Journal Article Annotations
2021, 3rd Quarter
Annotations by Elie Isenberg-Grzeda, MD, Carlos Fernandez Robles, MD
Patients receiving Whole Brain Radiation Therapy (WBRT) and Stereotactic Radiosurgery (SRS) typically experience a short-term cognitive decline (1-4 months). The changes associated with SRS are transient, whereas, after WBRT, patients can experience deterioration over eight months that stabilizes or slightly improves long term. This metanalysis found changes in cognitive performance across multiple cognitive domains (learning and memory, executive function, processing speed, fine motor coordination, among others). Learning and memory were the most frequently affected doming. Patients treated with Hippocampal avoidance WBRT had a much lower rate of L&M decline in both the short- and mid-term compared with patients treated with conventional WBRT. Finally, this work also highlights the high prevalence (53-91%) of cognitive impairment in patients with brain metastases ; this impairment correlates with total lesion volume.
Strength and weaknesses:
First, it is essential to highlight that WBRT is indicated in patients with >3 brain metastases (BMs) and that SRS is indicated in patients with 1-3 BM. Therefore no “head-to-head” studies exist, and this is the first work comparing the cognitive sequelae of each treatment modality. The metanalysis design had strict exclusion criteria that prevented confounding factors resulting from poorly constructed and underpowered studies. The total sample size was large—over 1000 patients. Studying cognitive changes over time is challenging, and the included studies were vulnerable to external factors that could influence cognitive function and high dropout rates related to the high disease burden. Also, there is a wide margin of design heterogenicity among the included studies, which the authors suggest could have led to underestimating cognitive changes after radiotherapy.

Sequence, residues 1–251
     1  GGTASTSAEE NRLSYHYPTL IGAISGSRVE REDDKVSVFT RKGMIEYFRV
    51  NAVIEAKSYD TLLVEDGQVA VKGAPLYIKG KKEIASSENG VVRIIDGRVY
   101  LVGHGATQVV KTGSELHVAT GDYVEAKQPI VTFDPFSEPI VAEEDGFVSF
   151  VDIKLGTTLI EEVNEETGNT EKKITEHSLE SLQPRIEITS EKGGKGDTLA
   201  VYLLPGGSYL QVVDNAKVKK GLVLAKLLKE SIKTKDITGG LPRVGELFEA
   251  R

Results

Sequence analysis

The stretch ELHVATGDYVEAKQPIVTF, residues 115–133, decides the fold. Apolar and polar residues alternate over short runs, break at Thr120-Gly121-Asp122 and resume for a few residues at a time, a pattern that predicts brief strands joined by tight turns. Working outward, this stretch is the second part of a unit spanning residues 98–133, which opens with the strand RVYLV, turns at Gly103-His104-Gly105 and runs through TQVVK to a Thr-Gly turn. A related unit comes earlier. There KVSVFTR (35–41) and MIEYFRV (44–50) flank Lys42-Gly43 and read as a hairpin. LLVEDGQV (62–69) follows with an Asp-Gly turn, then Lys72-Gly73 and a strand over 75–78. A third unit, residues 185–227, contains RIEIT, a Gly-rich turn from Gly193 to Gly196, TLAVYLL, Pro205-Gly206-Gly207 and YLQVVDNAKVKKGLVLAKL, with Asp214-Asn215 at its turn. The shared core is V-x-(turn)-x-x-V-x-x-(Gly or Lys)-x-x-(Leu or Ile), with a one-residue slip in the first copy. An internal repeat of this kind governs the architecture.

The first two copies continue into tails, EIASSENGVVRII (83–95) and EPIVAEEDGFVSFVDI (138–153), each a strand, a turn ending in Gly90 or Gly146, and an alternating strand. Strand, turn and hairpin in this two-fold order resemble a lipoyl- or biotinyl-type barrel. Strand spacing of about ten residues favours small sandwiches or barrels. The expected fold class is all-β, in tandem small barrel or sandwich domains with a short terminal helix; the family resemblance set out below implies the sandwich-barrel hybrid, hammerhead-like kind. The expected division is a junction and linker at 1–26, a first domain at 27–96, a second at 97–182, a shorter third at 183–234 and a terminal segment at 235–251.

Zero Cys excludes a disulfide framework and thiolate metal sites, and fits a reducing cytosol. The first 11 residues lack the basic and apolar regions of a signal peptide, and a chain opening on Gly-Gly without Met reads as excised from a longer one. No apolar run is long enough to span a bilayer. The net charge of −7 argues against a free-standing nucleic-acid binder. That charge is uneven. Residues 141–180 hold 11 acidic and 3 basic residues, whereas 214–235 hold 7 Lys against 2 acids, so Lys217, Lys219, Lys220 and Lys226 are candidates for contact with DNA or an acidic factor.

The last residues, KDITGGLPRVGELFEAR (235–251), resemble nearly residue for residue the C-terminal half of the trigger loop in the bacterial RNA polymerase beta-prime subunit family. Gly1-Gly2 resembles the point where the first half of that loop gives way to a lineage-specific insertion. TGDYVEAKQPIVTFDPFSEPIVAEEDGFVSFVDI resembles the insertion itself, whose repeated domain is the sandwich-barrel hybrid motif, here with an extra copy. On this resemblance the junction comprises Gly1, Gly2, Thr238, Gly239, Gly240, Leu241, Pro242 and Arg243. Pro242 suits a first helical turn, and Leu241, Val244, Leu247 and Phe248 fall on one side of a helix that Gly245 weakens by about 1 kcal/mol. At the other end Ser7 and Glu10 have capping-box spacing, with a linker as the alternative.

For C-L psychiatrists involved in the care of patients with metastatic brain cancer, this meta-analysis offers a valuable comparison of the cognitive consequences of two frequently used treatment modalities, WBRT and SRS. The findings of this work informs practitioners’ evaluation of patients, treatment planning and help them support patients when making their decisions about care. Treatment of brain metastases in cancer patients is challenging, and achieving an optimal balance between antitumor and adverse side effects is necessary to maintain the highest quality of life possible.
This meta-analysis demonstrated a high prevalence of ejaculation dysfunction (EjD) among bladder, colon, rectum, and testicular cancer survivors. EjD can be further divided into dry orgasm, erectile dysfunction, and premature ejaculation. Erectile dysfunction and dry orgasm have comparable prevalence across diseases; however, erectile dysfunction among patients with rectal cancer treated with surgery and radiotherapy yielded the highest prevalence rate (68.7%). Premature ejaculation was only described among testicular cancer survivors.
Strength and weaknesses: